My only serious complaint is the breakdown of Collins’s modesty and openness when it comes to agnosis and atheism; this is why The Language for God is the almost-book of my search. For Collins does more than merely reject his own agnostic stance or look back upon his own brand of atheism as “childish.” He asserts that “It is a rare agnostic who has made the effort” to fully consider all of the evidence for and against the existence of God, a judgment both dismissive and irritating. How the heck would Collins know how deeply agnostics have weighed this evidence, in their minds and hearts? Further, he insists that atheism is “not logically defensible.” I’m not sure what a litmus test of “logic” might be for Collins. No logical argument can prove that God is real, Collins acknowledges, but at the same time, he sees “no logical reason why” religious miracles might not occur on rare occasions.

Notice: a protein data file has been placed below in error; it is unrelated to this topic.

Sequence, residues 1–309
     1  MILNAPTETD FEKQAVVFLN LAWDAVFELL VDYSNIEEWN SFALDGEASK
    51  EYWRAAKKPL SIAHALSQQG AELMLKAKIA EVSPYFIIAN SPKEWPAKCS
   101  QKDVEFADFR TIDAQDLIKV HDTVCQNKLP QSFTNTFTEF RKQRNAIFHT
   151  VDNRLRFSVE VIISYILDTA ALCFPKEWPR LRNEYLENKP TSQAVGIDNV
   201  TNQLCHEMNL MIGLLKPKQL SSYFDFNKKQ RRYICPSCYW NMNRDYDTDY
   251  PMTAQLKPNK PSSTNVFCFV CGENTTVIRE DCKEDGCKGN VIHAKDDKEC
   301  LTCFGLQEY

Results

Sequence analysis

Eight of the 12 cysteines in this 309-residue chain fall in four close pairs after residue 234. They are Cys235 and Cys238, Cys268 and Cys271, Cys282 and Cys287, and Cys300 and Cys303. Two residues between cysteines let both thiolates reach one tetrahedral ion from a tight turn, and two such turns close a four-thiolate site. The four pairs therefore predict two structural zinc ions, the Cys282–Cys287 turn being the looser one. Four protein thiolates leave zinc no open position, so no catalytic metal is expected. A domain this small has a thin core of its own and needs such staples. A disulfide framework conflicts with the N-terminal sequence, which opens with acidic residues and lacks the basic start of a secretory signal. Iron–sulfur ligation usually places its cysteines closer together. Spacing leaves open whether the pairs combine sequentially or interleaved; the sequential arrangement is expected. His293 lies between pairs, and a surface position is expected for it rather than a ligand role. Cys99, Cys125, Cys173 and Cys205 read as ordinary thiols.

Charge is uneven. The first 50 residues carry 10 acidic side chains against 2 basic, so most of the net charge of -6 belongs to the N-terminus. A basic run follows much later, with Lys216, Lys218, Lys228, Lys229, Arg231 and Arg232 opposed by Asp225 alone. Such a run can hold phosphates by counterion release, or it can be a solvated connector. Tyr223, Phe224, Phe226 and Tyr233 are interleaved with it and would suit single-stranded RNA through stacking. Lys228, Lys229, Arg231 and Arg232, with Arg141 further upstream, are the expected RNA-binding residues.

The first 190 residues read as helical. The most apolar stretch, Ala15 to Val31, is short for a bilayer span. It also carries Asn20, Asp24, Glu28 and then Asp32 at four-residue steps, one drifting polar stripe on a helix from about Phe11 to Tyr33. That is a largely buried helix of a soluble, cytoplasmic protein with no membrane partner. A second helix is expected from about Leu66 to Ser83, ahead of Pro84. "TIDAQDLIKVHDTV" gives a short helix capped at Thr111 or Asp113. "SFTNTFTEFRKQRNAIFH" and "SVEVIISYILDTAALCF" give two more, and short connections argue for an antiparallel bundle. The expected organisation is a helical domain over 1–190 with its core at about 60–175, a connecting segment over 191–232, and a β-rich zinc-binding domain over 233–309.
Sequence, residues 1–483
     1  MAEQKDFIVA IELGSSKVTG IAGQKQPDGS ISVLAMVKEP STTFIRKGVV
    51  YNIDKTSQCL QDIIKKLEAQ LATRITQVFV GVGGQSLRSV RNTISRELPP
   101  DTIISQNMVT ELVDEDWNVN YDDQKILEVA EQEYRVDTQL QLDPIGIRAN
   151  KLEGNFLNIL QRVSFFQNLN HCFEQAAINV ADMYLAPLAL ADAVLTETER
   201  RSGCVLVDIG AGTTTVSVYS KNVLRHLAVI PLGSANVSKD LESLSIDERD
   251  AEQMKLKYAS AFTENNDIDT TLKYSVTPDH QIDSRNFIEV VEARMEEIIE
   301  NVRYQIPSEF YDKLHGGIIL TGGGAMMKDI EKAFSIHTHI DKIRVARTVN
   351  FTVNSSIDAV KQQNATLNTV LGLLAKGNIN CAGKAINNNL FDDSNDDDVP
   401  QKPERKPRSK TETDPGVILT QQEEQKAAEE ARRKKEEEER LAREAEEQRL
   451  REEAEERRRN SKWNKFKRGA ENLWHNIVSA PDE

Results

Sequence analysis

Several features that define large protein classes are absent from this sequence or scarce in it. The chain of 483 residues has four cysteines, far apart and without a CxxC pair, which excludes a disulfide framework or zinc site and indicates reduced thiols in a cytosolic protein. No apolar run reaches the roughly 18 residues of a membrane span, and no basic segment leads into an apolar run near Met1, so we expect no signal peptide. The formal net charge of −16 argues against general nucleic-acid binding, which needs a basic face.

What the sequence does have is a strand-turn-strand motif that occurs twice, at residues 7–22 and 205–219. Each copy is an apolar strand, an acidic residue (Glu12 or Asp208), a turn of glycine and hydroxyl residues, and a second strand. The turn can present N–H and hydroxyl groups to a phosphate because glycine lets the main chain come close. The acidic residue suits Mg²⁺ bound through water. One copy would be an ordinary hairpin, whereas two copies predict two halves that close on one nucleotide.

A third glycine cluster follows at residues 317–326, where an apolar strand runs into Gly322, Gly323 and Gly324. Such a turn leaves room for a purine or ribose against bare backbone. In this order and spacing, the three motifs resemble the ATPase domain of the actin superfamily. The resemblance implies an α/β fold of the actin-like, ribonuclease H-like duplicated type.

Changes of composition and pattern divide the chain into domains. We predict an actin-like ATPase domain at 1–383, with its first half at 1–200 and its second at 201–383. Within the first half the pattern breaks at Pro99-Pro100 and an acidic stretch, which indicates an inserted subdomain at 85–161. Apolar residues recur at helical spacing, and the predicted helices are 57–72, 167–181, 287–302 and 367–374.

The bottom line is this: In a book that clearly aims for openness and fairness, why not extend the bounty to agnostics and atheists, instead of labeling them as illogical people who haven’t made an effort to believe what Collins himself believes?
Still, in the time of Thomas Jefferson or in our own time, a 98% thoughtful book is a pretty terrific thing. I recommend The Language of God most highly.
--The Zygon Center has invited Barbara J. King to speak about religion and science in Chicago this month.